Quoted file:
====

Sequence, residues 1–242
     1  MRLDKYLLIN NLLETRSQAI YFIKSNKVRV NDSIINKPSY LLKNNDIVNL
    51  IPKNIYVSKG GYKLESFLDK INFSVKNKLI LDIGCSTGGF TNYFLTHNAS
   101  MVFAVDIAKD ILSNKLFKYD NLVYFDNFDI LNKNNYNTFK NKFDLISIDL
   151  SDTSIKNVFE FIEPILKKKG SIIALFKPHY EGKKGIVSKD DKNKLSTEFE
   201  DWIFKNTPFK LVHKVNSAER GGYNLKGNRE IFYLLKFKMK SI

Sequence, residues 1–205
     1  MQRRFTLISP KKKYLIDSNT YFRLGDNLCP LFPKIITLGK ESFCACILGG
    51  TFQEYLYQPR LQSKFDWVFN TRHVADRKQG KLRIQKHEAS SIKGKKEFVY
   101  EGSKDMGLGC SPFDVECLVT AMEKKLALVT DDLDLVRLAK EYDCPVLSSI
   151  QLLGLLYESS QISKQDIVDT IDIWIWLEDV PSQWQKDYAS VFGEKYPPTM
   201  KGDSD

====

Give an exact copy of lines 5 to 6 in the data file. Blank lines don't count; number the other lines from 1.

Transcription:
   151  SDTSIKNVFE FIEPILKKKG SIIALFKPHY EGKKGIVSKD DKNKLSTEFE
   201  DWIFKNTPFK LVHKVNSAER GGYNLKGNRE IFYLLKFKMK SI